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The Victory Of The Cross

A Celtic Cross Monument standing tall over a grave in Toomore Cemetery just outside of Swinford, Ireland.

Although I have not written or preached about this particular story, it has greatly affected my life through the years.  During the Vietnam War, a U.S. Marine fighter pilot found himself a prisoner of war in a miserable cell after being shot down by a ground-to-air missile.  As he threw himself on the frozen dirt floor, darkness and despair filled his heart.  As a God-fearing man, he knew that he could not survive the cold, the heat, the poor food and the torture without God’s help.

What could he do to bring God’s Presence into his cell in some visible way?  What would the reader do in this situation?  After some thought,

the pilot took off his military shoe and with the leather hell, he scraped a cross on the cement wall.  Through the months and years ahead, he made this his place of prayer, with his thought usually centered on the Cross of Christ.

“Christ came to show me how to live”, this man of faith kept saying to himself.  “In the Garden of Gethsemane, the Lord accepted His Cup of suffering from the Father when he said, ‘Not my Will but Thine be done.’ ” So each day the American pilot accepted the hardships of prison life and offered his pain-filled hours to the Father in union with the Passion of Christ on the Cross.

A few years later, he left the prison, strong in spirit and deeply in love with life.  We all carry crosses of suffering.  One writer said that no adult human being has perfect health.  This leaves the door open to much pain, discomfort and stresses of all kinds.  What about the struggle to pay bills, to live with heartbreaks and the challenging temptations swirling around us all day long?

Suffering has no value in itself.  Only when we unite our hardships to the sufferings of Christ on the Cross do we profit from life’s misfortunes.   Each year, when we celebrate the joy of Easter, we witness the triumph of the Cross.  From the darkness of the Hill of Calvary, the Lord went to the brightness of Easter morning.

As autumn begins, and the days shorten, and the darkness of winter looms, we can keep the light of Christ in mind.  We can experience a glorious resurrection of spirit in our daily lives.  “Father, I accept my cross of discomfort out of love for You.  Help me to carry my cross with courage and faith.”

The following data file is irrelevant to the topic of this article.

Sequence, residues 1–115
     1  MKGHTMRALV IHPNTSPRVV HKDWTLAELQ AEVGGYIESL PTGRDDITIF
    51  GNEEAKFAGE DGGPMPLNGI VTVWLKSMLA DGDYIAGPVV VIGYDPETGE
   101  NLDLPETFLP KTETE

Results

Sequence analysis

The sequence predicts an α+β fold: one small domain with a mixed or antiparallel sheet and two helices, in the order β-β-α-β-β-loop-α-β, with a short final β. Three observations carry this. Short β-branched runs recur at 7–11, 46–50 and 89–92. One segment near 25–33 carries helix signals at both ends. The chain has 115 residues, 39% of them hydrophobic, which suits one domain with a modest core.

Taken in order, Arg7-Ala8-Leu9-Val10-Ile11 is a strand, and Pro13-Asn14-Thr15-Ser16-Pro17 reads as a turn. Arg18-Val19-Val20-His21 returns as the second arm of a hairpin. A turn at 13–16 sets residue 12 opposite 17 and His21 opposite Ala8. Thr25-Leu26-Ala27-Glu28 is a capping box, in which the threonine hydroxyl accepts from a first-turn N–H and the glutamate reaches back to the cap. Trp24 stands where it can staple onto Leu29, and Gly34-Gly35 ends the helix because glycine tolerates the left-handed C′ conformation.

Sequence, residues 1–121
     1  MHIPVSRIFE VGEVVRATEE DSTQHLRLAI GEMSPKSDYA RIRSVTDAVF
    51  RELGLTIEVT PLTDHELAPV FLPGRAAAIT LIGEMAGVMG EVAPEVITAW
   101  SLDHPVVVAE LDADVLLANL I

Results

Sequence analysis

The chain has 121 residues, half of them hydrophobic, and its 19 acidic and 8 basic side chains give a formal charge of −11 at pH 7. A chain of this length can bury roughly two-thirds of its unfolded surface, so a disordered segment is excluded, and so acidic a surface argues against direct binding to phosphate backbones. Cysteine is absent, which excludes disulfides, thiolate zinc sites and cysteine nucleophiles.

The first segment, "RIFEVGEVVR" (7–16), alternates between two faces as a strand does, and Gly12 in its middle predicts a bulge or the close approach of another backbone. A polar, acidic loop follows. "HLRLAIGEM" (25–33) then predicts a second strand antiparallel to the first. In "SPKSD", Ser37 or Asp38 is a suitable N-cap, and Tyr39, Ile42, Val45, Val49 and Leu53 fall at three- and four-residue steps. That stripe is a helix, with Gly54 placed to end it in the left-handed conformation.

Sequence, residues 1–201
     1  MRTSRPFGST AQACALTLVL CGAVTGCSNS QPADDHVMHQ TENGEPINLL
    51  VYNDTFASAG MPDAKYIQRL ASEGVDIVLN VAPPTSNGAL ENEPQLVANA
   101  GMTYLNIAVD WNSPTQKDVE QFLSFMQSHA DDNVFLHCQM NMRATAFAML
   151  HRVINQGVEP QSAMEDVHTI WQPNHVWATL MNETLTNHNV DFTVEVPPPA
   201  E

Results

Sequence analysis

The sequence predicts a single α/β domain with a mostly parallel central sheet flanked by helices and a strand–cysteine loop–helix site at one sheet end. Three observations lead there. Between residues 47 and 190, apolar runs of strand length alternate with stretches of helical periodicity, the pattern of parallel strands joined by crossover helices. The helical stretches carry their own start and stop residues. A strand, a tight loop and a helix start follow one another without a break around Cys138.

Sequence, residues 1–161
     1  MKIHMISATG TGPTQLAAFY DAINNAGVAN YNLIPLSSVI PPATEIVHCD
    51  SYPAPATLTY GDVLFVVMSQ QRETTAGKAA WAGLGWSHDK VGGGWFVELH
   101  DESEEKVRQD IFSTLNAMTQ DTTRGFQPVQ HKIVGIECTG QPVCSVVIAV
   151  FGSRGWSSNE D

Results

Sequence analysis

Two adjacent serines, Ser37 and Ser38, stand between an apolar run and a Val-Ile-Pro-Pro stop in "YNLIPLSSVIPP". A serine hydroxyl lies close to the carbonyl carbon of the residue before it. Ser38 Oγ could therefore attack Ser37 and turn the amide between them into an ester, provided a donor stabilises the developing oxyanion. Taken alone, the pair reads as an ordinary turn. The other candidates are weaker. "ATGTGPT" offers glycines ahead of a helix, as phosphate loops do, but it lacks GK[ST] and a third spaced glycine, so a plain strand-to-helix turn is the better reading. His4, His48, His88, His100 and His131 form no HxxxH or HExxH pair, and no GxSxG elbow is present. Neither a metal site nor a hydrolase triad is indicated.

Fr. George McKenna

September 23, 2017 Posted by | Bulletins | , , , , , , | 5 Comments

What One Man Did

Jeff Keith, still living life with a smile.
Photo courtesy from http://www.yourmission.org

32 years ago, in 1985, I was enthralled with the exciting story of Jeff Keith who ran and walked across the United States from coast to coast to the benefit of the Cancer Fund.

With one leg lost to cancer at the tender age of 12, Jeff used his artificial leg and his good leg to complete an almost unbelievable feat of stamina – with a smile. At the time, he brought millions of Americans new hope in their lives as they witnessed his courage attitude towards life. His impact on my life was positive – giving me dreams and hopes for my own future.

I remember seeing a news report on this from the West Coast. Strangers of all ages were coming up to Jeff, hugging him, shaking his hand, thanking him for the example he had given them. Again and again, Jeff stated that without God’s help he could not have persevered. Early each day, while on his journey, he gathered his team and together and holding hands they prayed for God’s support.

Modern day models like Jeff Keith help us to start thinking about the quality of our own lives. With more courage and planning, our days could be so much more fruitful and productive. Deep within us lay reservoirs of power and resources to help us do almost incredible things with our gift of life. However, excuses to give up come easily. After all, we say, “we are only one person; we are only human, not super-human.”

Set definite goals. Think in concrete terms of what we wish to accomplish. Bring the helping Presence of Christ into the work as Jeff and his team did. Motivate ourselves to carry out the needed actions for the one day at hand.

Jeff didn’t stop with his run across the country in 1985. Over the years he has raised millions of dollars for cancer and now runs MISSION, a company dedicated to helping those faced with cancer find ways to be inspired, and live life vibrantly. Think often of Jeff Keith and his winning smile. He was just one man – like each of us.

Fr. George McKenna

September 16, 2017 Posted by | Bulletins | , , , , , | 2 Comments